I am about to take the French language exam as part of the requirements for the PhD program at my university. The exam will consist of having to translate (with the help of a dictionary) a subset of a mathematics paper written in French. As an Indian international student in the US, I speak a number of languages, but I've grown up knowing them (i.e. never went through the process of having to learn it) and none of them (except perhaps English) give me any insight into the French language, which makes me nervous!

I would appreciate any tips as to how one might prepare for this exam, and materials that might be handy. For example:

  1. Did you have to take a language exam? How did you prepare for it?
  2. Has knowing said language helped you out in your mathematical career?
  3. Do there exist collections of mathematics papers in French that one can practice on?

Thanks you in advance for your answers!

  • Have you asked how many people don't pass the language exam? For 3., a simple google search will be helpful.
    – John Engbers
    Jun 4, 2012 at 13:32
  • For (3), you could go to the website of the IHÉS and download EGA...
    – Zhen Lin
    Jun 4, 2012 at 13:35
  • 1
    Ask your advisor.
    – Potato
    Jun 4, 2012 at 14:27
  • 1
    @Zhen Lin: Maybe EGA is not the best choice for a topologist... Anyway the website of IHÉS contains a lot of other interesting papers/monographs. Jun 4, 2012 at 14:44
  • Basically, if you just learn to translate with a dictionary, it will not be very helpful later, because it will be too painful to actually use it throughout your career.
    – user781
    Jun 10, 2012 at 12:48

2 Answers 2

  1. Yes. I took both German and French. I was already fairly comfortable with French from having studied it in high school and in university, so I'll write about German instead. I prepared for my German language exam by going on to the GDZ server (a program to retroactively digitise documents, including a lot of classical mathematics papers) and downloading some papers in mathematical analysis (my field, sort of) from around the 1950s to 60s (when still a lot of the papers were published in German). I then went to the library and borrowed the copy of Hyman's German-English Mathematics Dictionary (for the nouns) and a copy of a normal German-English dictionary (for the verbs) and sat myself down and started translating word by word. After about a month I translated about 30 pages or so of math papers (and at the same time learned about uniform spaces), and proceeded to take my exam.

  2. Not much. I have absolutely no conversational German, and only very rarely do I have to look something up in German that I cannot find a write-up in another language. (So far twice only, one a slightly obscure result in algebraic lattices that the only reference I could find is to a paper in the 30s.) (French on the other hand has been useful; mostly because the abovementioned "write-up in another language" often turned out to be in French.) Given how much I've found French to be useful for me, I'm sure that if I had actually properly learned the language, German would be just about as useful. Conversely, if you don't really learn the foreign language, you will probably be able to get by through other means in this day and age.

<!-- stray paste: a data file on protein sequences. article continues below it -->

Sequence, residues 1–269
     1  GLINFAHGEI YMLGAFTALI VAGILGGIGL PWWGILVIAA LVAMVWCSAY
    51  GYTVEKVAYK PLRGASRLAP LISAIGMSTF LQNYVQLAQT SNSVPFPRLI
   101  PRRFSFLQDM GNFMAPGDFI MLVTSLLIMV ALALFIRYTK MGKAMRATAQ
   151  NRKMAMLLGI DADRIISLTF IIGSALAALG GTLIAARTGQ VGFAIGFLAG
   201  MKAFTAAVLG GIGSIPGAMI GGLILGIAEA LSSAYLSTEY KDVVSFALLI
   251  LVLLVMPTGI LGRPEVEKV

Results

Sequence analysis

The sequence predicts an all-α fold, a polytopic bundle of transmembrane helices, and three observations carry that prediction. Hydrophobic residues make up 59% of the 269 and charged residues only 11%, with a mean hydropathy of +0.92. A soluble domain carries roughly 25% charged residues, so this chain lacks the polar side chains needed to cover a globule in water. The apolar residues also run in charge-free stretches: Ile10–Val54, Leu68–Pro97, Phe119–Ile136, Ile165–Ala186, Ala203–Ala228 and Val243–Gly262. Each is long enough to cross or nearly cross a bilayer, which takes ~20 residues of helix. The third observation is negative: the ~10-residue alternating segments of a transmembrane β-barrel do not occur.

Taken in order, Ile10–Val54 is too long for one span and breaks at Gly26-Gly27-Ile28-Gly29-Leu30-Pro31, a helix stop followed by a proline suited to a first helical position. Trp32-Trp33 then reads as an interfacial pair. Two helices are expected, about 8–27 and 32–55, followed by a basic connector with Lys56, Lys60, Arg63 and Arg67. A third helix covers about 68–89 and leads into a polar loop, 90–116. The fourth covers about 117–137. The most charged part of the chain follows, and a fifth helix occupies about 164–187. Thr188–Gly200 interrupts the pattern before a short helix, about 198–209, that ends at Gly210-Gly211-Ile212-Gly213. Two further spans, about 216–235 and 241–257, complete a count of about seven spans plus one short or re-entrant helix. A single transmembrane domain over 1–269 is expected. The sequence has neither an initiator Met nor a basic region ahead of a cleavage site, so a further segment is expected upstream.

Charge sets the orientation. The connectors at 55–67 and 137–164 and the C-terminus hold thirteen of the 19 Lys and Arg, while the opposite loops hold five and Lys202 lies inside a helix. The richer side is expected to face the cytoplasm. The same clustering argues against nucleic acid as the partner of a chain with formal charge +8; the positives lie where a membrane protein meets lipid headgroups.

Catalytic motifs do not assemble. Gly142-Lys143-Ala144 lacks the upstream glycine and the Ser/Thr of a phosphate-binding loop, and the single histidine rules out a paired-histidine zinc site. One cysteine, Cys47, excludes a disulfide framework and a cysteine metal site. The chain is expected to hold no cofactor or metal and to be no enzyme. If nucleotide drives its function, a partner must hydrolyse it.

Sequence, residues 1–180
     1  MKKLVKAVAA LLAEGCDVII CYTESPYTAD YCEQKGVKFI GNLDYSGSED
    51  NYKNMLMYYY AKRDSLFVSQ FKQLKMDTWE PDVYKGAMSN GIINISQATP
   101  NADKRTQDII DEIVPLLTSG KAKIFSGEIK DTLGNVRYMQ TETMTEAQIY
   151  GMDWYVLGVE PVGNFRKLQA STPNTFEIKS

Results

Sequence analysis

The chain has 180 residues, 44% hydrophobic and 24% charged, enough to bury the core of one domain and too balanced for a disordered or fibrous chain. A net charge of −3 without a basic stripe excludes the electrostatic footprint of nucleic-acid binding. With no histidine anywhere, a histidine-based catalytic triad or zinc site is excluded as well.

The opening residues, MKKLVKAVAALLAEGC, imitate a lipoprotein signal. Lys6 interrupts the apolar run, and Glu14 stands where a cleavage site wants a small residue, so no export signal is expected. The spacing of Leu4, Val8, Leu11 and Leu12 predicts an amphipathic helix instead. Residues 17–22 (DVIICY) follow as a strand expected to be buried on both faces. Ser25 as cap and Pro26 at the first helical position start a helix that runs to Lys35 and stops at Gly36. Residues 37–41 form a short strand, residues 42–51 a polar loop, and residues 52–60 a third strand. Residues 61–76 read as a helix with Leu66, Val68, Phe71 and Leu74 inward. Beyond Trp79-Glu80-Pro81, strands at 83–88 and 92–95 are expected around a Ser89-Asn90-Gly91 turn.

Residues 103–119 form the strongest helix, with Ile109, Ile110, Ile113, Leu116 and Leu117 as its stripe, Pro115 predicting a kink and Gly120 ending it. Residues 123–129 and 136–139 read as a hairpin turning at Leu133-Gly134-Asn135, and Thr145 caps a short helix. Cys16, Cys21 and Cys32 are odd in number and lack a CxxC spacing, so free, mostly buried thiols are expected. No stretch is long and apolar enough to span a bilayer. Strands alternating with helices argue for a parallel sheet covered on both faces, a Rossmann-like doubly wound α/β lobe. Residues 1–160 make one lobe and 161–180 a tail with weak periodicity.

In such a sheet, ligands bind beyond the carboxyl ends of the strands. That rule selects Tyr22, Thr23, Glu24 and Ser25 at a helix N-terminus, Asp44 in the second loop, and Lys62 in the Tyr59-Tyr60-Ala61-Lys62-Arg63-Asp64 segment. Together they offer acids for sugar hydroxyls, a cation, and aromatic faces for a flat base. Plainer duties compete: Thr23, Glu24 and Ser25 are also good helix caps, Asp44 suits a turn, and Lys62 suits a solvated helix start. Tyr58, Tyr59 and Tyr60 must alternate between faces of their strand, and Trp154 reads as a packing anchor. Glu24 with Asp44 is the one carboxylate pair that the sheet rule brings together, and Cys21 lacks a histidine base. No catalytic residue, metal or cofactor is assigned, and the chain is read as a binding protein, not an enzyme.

3. The canonical place to find French papers to read is NUMDAM. Of course, for practice, you can also check out Bourbaki from the library; it may be slightly less intimidating to start working first on the language by reading something whose mathematics at least you are familiar with.


I think the main purpose of learning another language in the PhD program is to be able to explain your research in that language if necessary. At my former institution, the language exam covered reading and writing about mathematics in french or russian. It would be best to investigate your institution's policy about the exam and their requirements for the PhD degree. That will determine what and how you need to study for that exam.

While I've never had to write a technical paper in another language, knowing these other languages has certainly increased my ability to network with experts from around the world. That's the true value of learning languages: being able to connect with others on another level.

  • 10
    I agree with you in principle about learning languages, but what you describe sounds more ambitious than most grad school language exams. My impression is that (in mathematics) they focus almost exclusively on reading, which is a much lower bar than writing. Jun 11, 2012 at 5:22
  • 1
    I think this is generally true of language exams in scientific fields. I've never heard of a science or engineering program require speaking knowledge of a foreign language.
    – aeismail
    Jun 29, 2012 at 4:42

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